Ie use authenticated protocols protected with HTTPS or SSH.

       Make sure the server's certificate etc is verified
	      Never ever switch	off certificate	verification.

Redirects
       The  CURLOPT_FOLLOWLOCATION(3)  option automatically follows HTTP redi-
       rects sent by a remote server.  These redirects can refer to  any  kind
       of  URL,	 not  just HTTP. libcurl restricts the protocols allowed to be
       used in redirects for security reasons: only HTTP, HTTPS, FTP and  FTPS
       are  enabled by default.	Applications may opt to	restrict that set fur-
       ther.

       A redirect to a file: URL would cause the libcurl to  read  (or	write)
       arbitrary  files	from the local filesystem.  If the application returns
       the data	back to	the user  (as  would  happen  in  some	kinds  of  CGI
       scripts),  an  attacker could leverage this to read otherwise forbidden
       data (e.g.  file://localhost/etc/passwd).

       If authentication credentials are stored	in the ~/.netrc	file, or  Ker-
       beros  is in use, any other URL type (not just file:) that requires au-
       thentication is also at risk.  A	redirect such as  ftp://some-internal-
       server/private-file  would  then	 return	 data  even when the server is
       password	protected.

       In the same way,	if an unencrypted SSH private key has been  configured
       for  the	user running the libcurl application, SCP: or SFTP: URLs could
       access	password   or	private-key    protected    resources,	  e.g.
       sftp://user@some-internal-server/etc/passwd

       The CURLOPT_REDIR_PROTOCOLS(3) and CURLOPT_NETRC(3) options can be used
       to mitigate against this	kind of	attack.

       A redirect can also specify a location available	only  on  the  machine
       running	libcurl,  including  servers hidden behind a firewall from the
       attacker.    e.g.    http://127.0.0.1/	 or    http://intranet/delete-
       stuff.cgi?delete=all or tftp://bootp-server/pc-config-data

       Applications can	mitigate against this by disabling CURLOPT_FOLLOWLOCA-
       TION(3) and handling redirects itself, sanitizing  URLs	as  necessary.
       Alternately,  an	 app could leave CURLOPT_FOLLOWLOCATION(3) enabled but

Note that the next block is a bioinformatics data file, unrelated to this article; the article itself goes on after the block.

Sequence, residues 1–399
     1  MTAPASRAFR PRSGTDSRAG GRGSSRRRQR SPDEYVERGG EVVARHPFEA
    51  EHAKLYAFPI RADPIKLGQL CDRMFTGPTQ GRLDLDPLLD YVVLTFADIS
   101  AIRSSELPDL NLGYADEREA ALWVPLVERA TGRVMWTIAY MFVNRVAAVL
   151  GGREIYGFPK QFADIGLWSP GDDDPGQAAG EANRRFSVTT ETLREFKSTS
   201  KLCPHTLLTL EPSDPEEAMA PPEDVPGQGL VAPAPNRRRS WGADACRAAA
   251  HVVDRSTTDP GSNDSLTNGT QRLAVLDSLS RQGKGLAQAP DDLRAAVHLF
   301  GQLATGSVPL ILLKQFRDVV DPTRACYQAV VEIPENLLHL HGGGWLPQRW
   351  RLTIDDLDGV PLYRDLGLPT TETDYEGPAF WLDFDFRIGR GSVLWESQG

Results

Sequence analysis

set CURLOPT_REDIR_PROTOCOLS(3) and  install  a  CURLOPT_OPENSOCKETFUNC-
       TION(3) callback	function in which addresses are	sanitized before use.

Local Resources
       A  user	who  can  control  the	DNS server of a	domain being passed in
       within a	URL can	change the address of the host to a local, private ad-
       dress  which  a	server-side  libcurl-using application could then use.
       e.g. the	innocuous URL http://fuzzybunnies.example.com/ could  actually
       resolve	to  the	 IP  address  of  a  server behind a firewall, such as
       127.0.0.1 or 10.1.2.3.  Applications can	mitigate against this by  set-
       ting  a CURLOPT_OPENSOCKETFUNCTION(3) and checking the address before a
       connection.

       All the malicious scenarios regarding redirected	 URLs  apply  just  as
       well to non-redirected URLs, if the user	is allowed to specify an arbi-
       trary URL that could point to a private resource. For  example,	a  web
       app  providing a	translation service might happily translate file://lo-
       calhost/etc/passwd and display the result.  Applications	 can  mitigate
       against this with the CURLOPT_PROTOCOLS(3) option as well as by similar
       mitigation techniques for redirections.

       A malicious FTP server could in response	to the PASV command return  an
       IP  address  and	 port  number  for  a  server local to the app running
       libcurl but behind a firewall.  Applications can	mitigate against  this
       by using	the CURLOPT_FTP_SKIP_PASV_IP(3)	option or CURLOPT_FTPPORT(3).

       Local  servers  sometimes  assume  local	 access	comes from friends and
       trusted	 users.	  An	application    that    expects	  http://exam-
       ple.com/file_to_read	    that	and	   instead	  gets
       http://192.168.0.1/my_router_config might print a file that would  oth-
       erwise be protected by the firewall.

       Allowing	your application to connect to local hosts, be it the same ma-
       chine that runs the application or a machine on the same	local network,